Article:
IRIS VAN HERPEN

Iris Van Herpen
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IRIS VAN HERPEN



Written by Kate Kelsall
09 Wednesday 09th January 2013

'Futuristic’ does not come close to defining Herpen’s collections. The Dutch protege interned with Alexander McQueen before launching her own label in 2007 and has designed outfits for freakishly fashion-forward Bjork and Lady Gaga. Her pieces fuse traditional craftsmanship with cutting edge technology into something never seen before.


I imagine your influences to be far reaching and eclectic. What inspires you within the fashion world and beyond?

I’m inspired by artists, dance, architecture, matter itself, science, experience, structures and nature more than fashion itself. When I see really good material, I imagine it as a dress.

Movement is very important for me. I see bodies in incredible forms of motion that look no longer look like bodies. Outside my studio windows I watch the big boats slowly passing by in the old harbour of Amsterdam. The moving water is magical as the light changes throughout the day, juxtaposing the crappy old boats and the industry of weird machines. This contradiction inspires me too.

Thinking about this question my list grows bigger and bigger. To be honest the list of 'what does not inspire me' is much shorter than the list of what does!

You work with an insane range of unusual materials. Tell us about experimenting with new forms and your opinions on how things will develop in the future?

Experimenting with new materials is the best part of creating a collection. As there is no prior knowledge there are no set routines and it is totally uncontrollable. Figuring out how to work with pioneering materials therefore means finding new structures and shapes.

I see very few limitations for what can be used in fashion and think it will evolve radically beyond what we are capable of imagining today. What is described in books as ‘futuristic fashion’ [a term often used to refer to Herpen’s work] does not come close. I see a time when non-matter is used for clothes - firstly holograms and then the digitalisation of real matter.

I actually think that the further technology develops, the closer it will return to nature which represents the highest technology possible. Though it sounds negative I really believe that humans are often not intelligent enough to realise their own shortcomings Therefore I see everything I do as an experiment and experience. I am very curious about life but do not need answers as there is no truth.

Nano technology is an example of coming back to nature and it is scary to imagine what we will do with it; there are really magical possibilities but it could also totally destroy us if the wrong people use it.

Your designs use simplistic colour and highly elaborate shapes bridging borders between fashion, architecture and sculpture. Why is the silhouette so important to your aesthetic?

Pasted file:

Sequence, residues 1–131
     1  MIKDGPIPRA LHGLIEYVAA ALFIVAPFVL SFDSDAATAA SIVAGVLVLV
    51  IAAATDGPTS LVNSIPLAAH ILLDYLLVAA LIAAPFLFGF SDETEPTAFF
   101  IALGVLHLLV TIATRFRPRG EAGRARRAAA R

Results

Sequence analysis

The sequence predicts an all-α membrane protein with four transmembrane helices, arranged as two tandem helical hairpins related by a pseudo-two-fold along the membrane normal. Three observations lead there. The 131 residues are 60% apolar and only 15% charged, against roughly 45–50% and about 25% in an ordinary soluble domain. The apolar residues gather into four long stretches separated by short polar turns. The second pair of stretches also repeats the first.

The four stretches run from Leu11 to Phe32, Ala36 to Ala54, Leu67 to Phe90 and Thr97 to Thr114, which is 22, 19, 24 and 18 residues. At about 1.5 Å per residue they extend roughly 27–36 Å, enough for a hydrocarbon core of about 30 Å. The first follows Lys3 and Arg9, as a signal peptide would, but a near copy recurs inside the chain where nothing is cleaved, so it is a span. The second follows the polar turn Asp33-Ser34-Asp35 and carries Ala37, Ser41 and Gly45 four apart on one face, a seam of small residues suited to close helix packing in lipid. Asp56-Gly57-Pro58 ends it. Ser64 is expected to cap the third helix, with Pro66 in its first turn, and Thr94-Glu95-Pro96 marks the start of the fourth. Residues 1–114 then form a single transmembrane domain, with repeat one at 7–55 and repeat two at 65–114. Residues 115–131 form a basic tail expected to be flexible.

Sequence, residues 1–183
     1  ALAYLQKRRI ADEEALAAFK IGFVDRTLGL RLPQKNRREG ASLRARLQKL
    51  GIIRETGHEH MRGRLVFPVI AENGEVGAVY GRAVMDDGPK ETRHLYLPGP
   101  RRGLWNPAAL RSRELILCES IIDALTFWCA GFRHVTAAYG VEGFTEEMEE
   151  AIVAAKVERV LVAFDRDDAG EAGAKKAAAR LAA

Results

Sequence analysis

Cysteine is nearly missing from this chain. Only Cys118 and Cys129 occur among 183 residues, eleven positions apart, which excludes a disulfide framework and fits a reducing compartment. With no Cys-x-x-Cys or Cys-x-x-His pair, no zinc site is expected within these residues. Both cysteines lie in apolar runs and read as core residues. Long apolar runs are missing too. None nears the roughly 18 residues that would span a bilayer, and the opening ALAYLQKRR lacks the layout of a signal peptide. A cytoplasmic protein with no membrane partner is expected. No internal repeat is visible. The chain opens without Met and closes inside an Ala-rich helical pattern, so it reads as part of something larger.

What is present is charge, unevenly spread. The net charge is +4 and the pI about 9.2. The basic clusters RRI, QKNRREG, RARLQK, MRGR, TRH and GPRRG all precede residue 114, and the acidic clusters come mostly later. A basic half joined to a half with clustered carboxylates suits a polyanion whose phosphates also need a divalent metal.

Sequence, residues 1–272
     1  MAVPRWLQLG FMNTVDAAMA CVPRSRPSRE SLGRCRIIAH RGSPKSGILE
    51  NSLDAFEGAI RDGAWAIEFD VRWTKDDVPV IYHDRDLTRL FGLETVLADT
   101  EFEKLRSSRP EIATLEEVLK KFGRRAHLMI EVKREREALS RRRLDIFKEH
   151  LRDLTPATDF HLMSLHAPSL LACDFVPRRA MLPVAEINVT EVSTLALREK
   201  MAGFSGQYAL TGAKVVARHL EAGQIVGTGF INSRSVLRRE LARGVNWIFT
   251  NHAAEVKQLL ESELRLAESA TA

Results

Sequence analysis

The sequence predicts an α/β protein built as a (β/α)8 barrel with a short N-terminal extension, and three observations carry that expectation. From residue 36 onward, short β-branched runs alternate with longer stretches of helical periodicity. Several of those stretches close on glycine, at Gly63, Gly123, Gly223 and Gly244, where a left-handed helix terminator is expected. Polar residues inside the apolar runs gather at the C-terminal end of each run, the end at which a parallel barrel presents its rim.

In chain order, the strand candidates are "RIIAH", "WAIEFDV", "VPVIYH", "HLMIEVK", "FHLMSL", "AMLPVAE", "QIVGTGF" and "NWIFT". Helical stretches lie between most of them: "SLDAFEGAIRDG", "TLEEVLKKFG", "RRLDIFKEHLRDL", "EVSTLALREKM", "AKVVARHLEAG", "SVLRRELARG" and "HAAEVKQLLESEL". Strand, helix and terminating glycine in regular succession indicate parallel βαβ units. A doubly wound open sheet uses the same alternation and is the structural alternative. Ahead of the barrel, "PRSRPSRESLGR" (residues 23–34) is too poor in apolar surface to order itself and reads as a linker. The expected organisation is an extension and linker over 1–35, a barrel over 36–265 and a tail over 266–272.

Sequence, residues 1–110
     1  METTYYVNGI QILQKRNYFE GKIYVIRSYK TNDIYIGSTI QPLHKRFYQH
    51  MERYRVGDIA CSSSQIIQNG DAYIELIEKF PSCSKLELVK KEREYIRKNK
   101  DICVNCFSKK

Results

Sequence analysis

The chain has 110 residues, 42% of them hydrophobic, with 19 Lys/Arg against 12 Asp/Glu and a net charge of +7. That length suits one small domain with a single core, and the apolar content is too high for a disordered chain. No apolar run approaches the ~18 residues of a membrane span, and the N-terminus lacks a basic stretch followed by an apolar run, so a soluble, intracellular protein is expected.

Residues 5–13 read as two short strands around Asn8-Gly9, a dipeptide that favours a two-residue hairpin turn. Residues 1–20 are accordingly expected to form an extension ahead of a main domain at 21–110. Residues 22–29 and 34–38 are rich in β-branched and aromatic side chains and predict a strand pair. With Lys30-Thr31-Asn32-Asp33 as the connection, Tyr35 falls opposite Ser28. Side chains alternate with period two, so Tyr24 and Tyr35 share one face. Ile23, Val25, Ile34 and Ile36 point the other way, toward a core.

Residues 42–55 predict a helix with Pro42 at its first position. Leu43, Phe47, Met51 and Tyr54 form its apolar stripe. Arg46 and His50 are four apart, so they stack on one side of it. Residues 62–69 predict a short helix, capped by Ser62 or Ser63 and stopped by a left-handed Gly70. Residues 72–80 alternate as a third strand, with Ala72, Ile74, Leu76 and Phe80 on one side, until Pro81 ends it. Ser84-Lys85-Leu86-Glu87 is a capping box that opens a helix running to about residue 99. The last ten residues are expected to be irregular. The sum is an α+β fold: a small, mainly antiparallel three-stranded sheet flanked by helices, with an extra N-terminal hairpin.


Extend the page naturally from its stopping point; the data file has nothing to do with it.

I concentrate on structure, shape, technique and material. The colours I choose don’t distract from the structure and shape but reinforce it. I have no use for neon or primary colours.

The world is three dimensional. Making drawings in 2D is limiting and loses information so the 3D ideas in my mind are translated straight into the actual design.

Similarly I do not use 2D prints as it feels very old fashioned, whereas 3D printing is the beginning of something really interesting. Perhaps eventually, as technology evolves, nothing will be 2D and we will be talking about four or even five dimensions.

You have been lauded as a true craftsman, as despite pushing borders with technology, your work still requires labour-intensive traditional sewing. Tell us more about the straddling of past, present and future that you have touched on already.

I take from different worlds and eras using what I like most or that I miss today, to create something rich and alive.

I would never advocate using solely machines or technology for creation as this may result in perfection but loses all humanity and soul. This is sadly the case with a lot of design and architecture today.

Subsequently I am more interested in old architecture and design when there was more craftsmanship, time and fantasy involved. A purely functional environment is death in my eyes.

Technology is not the answer to everything, but teamed with old knowledge and techniques it can create something new and unexpected with the liveliness of yesterday and the possibility of the future.

Your career has already seen many collaborations, including teaming up with United Nude for the incredible ‘fang’ shoes in your 2012 Spring/Summer collection (see below). What double ups did you enjoy the most, what does collaboration bring to the creative process and do you have any further joint projects in the pipeline?

I enjoyed all of my collaborations or I wouldn't have done them. I use my instinct when choosing people to work with, which has resulted in interesting projects. I loved working with Isaie Bloch [architect] as I had a real laugh with him. United Nude were really organised and professional (I have worked with them over five seasons and am now starting on a sixth) and it was interesting to work with such a big production network. [Milliner] Stephen Jones is a magically free minded person who inspired me every time I spoke to him. I learnt different ways of seeing and thinking from these people who work within different disciplines and also benefitted from the energy that surrounds creative people.

To marvel further at Iris' designs go to her website.

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